We like Canadian lumber producer Canfor for its leverage to U.S. housing. The drivers of lumber demand gained strength in 2016, and should improve further in 2017. U.S. housing starts increased 5% year over year in 2016. Improvement was particularly evident in single-family construction, which rose 10%. (Single-family units require roughly twice as much lumber and paneling as multifamily units.) In 2017, we expect continued improvement, with starts rising roughly 11% to 1.3 million. As housing starts march higher, so too should lumber demand, driving up industry capacity utilization, and with it, prices. We believe operating rates will exceed 90% in 2017 as strengthening household formation drives stronger housing starts and wood product demand. We see real lumber prices exceeding $480 per thousand board feet by the end of the decade, versus $410 today.
Star Rating: 4 Stars
Economic Moat: Narrow
Fair Value Estimate: $18.00
Fair Value Uncertainty: High
5-Star Price: $10.80
We think the market is mispricing narrow-moat uranium miner Cameco. Uranium offers a rare growth opportunity in metals and mining. China's structural slowdown portends the end of a decadelong boom for most commodities--but not for uranium. China's modest nuclear reactor fleet uses little uranium today, but that's set to change in a major way. Beijing is pivoting to nuclear in order to reduce the country's heavy reliance on coal. We believe the market overemphasizes the current supply glut caused by delayed Japanese reactor restarts, and this situation won't last much longer. We expect global uranium demand to grow 40% over the next 10 years, a staggering amount for a commodity that saw near-zero demand growth in the past 10 years. Supply will struggle to keep pace. We believe uranium prices will rise from about $20 a pound currently to $65 a pound (constant dollars), as higher prices are required to spur new mine investment. As one of the largest and lowest-cost producers globally with expansion potential, Cameco should benefit meaningfully from higher uranium prices.
Compass Minerals (CMP)
Star Rating: 4 Stars
Economic Moat: Wide
Fair Value Estimate: $91.00
Fair Value Uncertainty: Medium
Consider Buying: $63.70
Compass Minerals produces two primary products: de-icing salt and sulfate of potash, a specialty fertilizer. We think the company has carved out a wide economic moat based on cost advantage, thanks to its massive rock salt mine in Goderich, Ontario, which benefits from both location and geology advantages. The company also sits toward the low end of the cost curve in specialty potash. Following a couple mild winters in Compass' important U.S. Midwest markets, the company's profits have been dented, and high customer inventories darken the near-term outlook for salt volumes and pricing. However, over the long run, we think a return to more normal snow in the Midwest, and thus more normal salt volumes for Compass, will help catalyze a rebound in shares. Further, we think the market may be underappreciating the company's ability to control unit costs, as recent capital improvements at Goderich are set to put a lid on Compass' future salt costs.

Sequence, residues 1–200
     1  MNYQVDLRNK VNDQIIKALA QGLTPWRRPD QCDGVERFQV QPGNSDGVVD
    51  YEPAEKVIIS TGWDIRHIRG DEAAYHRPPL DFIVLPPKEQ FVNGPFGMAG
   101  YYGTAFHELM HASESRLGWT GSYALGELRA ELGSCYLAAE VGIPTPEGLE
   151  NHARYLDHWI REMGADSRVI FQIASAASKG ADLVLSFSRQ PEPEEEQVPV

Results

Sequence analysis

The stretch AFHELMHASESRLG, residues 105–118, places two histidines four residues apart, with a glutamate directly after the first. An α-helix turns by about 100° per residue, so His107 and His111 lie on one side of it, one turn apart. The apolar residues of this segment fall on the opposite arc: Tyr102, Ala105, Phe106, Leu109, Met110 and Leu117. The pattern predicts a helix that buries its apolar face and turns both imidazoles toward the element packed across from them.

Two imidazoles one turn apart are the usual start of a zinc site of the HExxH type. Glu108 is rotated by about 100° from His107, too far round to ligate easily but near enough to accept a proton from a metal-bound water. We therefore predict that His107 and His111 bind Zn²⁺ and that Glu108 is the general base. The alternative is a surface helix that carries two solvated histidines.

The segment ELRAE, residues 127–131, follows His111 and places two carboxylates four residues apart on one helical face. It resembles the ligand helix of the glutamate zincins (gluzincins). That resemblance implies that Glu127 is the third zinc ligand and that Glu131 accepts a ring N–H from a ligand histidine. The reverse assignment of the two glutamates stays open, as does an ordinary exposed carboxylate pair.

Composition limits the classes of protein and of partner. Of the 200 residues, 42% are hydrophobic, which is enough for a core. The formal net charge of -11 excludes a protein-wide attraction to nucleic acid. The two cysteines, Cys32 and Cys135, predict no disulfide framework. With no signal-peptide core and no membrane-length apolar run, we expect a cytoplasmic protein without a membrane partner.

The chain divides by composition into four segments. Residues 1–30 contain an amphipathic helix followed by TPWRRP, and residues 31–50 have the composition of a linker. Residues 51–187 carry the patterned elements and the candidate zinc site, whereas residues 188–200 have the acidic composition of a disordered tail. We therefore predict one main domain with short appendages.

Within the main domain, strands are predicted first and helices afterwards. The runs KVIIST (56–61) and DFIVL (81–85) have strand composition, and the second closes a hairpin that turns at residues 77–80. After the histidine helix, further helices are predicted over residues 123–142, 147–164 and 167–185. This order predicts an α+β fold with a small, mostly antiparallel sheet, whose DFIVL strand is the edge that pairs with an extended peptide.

More Quarter-End Insights
Market Outlook: Lofty Valuations Call for Careful Stock-Picking
Video Report: Few Values Left in the Global Stock Market
Economic Outlook: First-Quarter Underscores Slow Growth Expectations
Credit Market Insights: Bond Indexes Perform Well as Spreads Tighten Further
Consumer Cyclical: Still Opportunity in a High-Confidence Environment
Consumer Defensive: Still Thirsty for Growth
Financial Services: Weighing the Strategic Tradeoffs of the Fiduciary Rule
Industrials: Solid Fundamentals, but Few Screaming Buys
Daniel Rohr does not own (actual or beneficial) shares in any of the securities mentioned above. Find out about Morningstar’s editorial policies.